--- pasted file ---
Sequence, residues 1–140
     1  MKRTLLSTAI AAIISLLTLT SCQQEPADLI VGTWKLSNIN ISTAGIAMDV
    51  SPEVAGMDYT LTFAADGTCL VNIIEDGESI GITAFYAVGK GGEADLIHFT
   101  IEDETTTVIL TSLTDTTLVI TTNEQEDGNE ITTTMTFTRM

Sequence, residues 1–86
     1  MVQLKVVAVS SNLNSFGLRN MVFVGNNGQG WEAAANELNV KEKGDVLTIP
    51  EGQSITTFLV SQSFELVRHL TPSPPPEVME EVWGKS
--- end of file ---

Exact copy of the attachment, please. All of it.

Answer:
Sequence, residues 1–140
     1  MKRTLLSTAI AAIISLLTLT SCQQEPADLI VGTWKLSNIN ISTAGIAMDV
    51  SPEVAGMDYT LTFAADGTCL VNIIEDGESI GITAFYAVGK GGEADLIHFT
   101  IEDETTTVIL TSLTDTTLVI TTNEQEDGNE ITTTMTFTRM

Sequence, residues 1–86
     1  MVQLKVVAVS SNLNSFGLRN MVFVGNNGQG WEAAANELNV KEKGDVLTIP
    51  EGQSITTFLV SQSFELVRHL TPSPPPEVME EVWGKS